entered into the picture as drawn by the
poet. The moors and wastes, mists and
darkness, the cliffs, the bottomless
deep, the loathsome wyrmas (1.1430) can
all be traced in early accounts of hell
...especially close is the relation bet-
ween this Beowulfian scenery and that
described in the last portion of the 17th
Blickling Homily which is based on a
Visio raulTT^
Whitelock4 also mentions the Blickling Ho lilies.3 The author
of the seventeenth homily tells us;
Swa Sanctus Paulus waes geseonde on nord-
anweardne bisne middangeard, paer ealle
waetere nigergewitao, ond he paer geseah ofer
Oaem waetere sumne harne stan; & waeron
nord of Oaem stane awexene swiSe hrimige
bearwas, & Oaer waeron pistro-genipo, &
under paem stane waqs micra eardung & wearga
& he geseah paet on Oaem clife hargodan on
Oaem is gean hearwum manige swearte saula be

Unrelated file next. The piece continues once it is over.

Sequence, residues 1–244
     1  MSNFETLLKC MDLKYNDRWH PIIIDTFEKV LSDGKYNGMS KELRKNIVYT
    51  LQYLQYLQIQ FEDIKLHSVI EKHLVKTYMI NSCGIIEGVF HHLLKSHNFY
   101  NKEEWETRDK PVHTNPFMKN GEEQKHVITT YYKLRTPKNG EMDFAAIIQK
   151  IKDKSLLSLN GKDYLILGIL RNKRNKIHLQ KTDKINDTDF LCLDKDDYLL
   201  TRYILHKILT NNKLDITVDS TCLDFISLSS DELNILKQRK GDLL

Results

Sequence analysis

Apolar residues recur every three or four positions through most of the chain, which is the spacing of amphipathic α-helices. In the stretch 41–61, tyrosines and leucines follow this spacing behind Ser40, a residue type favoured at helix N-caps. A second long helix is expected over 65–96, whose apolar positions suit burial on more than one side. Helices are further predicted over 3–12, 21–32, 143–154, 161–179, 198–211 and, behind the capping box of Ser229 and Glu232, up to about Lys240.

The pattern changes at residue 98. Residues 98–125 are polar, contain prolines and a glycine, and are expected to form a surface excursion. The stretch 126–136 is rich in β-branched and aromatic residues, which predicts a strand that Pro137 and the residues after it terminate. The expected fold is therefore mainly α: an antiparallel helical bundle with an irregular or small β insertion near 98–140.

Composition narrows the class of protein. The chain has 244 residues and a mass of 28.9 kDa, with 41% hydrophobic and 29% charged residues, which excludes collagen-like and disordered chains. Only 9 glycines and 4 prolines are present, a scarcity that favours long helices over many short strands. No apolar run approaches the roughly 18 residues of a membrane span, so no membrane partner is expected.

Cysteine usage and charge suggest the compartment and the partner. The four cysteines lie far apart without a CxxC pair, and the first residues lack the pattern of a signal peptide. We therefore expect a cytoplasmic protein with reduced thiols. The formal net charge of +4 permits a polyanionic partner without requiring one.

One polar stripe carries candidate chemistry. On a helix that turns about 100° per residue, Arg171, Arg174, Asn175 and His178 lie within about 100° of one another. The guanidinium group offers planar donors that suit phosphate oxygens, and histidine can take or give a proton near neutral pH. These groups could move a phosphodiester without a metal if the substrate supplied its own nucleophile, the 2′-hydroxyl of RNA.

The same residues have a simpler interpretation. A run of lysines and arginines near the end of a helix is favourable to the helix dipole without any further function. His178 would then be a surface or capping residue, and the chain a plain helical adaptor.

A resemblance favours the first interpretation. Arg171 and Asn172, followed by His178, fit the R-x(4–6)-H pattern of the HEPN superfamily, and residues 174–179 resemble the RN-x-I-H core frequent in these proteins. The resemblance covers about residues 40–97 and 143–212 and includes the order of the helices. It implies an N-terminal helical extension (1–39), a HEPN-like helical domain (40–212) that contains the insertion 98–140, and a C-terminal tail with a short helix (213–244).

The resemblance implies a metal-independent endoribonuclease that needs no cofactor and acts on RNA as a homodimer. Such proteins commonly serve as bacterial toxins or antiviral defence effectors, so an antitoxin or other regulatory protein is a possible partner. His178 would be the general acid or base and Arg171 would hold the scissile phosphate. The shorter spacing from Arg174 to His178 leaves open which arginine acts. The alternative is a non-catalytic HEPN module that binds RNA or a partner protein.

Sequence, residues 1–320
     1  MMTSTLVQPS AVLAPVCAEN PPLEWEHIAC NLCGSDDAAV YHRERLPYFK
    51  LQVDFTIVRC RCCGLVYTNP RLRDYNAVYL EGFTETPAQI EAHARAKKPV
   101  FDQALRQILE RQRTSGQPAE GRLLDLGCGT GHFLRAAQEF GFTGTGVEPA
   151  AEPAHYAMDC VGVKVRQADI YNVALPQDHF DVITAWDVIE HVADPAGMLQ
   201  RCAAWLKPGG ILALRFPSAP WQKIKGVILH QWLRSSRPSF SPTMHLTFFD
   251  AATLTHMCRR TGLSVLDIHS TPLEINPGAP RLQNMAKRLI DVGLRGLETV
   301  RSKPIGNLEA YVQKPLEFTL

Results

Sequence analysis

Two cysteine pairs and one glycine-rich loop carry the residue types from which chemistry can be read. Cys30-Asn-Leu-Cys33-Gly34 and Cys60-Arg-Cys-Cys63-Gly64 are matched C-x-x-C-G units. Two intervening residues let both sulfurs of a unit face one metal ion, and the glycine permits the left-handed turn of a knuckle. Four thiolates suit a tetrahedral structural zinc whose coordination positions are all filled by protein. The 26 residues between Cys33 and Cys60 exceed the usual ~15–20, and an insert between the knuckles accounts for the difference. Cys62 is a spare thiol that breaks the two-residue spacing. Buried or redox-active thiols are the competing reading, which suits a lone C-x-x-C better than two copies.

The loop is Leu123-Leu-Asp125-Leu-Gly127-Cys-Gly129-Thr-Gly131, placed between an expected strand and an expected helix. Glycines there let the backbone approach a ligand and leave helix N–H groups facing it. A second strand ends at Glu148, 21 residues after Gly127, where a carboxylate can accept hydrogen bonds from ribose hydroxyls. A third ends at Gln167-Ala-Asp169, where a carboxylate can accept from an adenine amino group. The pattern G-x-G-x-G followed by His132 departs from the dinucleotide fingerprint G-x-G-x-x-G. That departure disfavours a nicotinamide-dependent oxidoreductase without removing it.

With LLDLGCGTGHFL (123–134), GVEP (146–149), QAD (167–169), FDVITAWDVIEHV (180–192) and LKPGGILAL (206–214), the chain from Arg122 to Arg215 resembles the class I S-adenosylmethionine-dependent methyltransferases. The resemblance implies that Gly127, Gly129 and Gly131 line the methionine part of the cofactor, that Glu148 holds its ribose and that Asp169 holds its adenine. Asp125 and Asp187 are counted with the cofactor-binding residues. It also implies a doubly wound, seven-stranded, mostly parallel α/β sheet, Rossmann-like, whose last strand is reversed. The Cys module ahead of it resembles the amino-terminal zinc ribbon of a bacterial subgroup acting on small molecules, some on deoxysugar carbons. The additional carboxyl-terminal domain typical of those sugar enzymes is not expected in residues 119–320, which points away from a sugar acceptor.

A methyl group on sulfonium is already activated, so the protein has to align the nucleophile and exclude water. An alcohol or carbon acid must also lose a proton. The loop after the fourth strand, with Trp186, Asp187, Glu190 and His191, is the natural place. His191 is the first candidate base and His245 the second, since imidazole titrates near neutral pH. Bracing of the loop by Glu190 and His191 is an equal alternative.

1. Beowulf, 11. 1372b-76a; it is not a safe placeJ /


then the surging water / rises up / dark to the clouds /
then the wind stirs / hateful storms, / until the air
(heaven) becomes gloomy, / the heavens weep.
2. Goldsmith, op_. cit., p. 95.
3. Cp. cit., p. 183.
4. Audience of Beowulf, p. 67.
5. The homilies are a collection of 19 sermons re-
corded, circa 979, and named, by modern scholars, after the
aorne of the" MS, Blickling Place, Norfolk. They antedate the
lomilies of Aelfric and Wulfstan.
UNIVERSITY OF OTTAWA - SCHOOL OF GRADUATE STUDIES
UNIVERSITE D'OTTAWA ~ ECOLE DES GRADUES

CLOSE EXAMINATION OF THE POEM 132

heora handum gebundne & pa / fynd para on


micra onlicnesse heora / gripende waeron,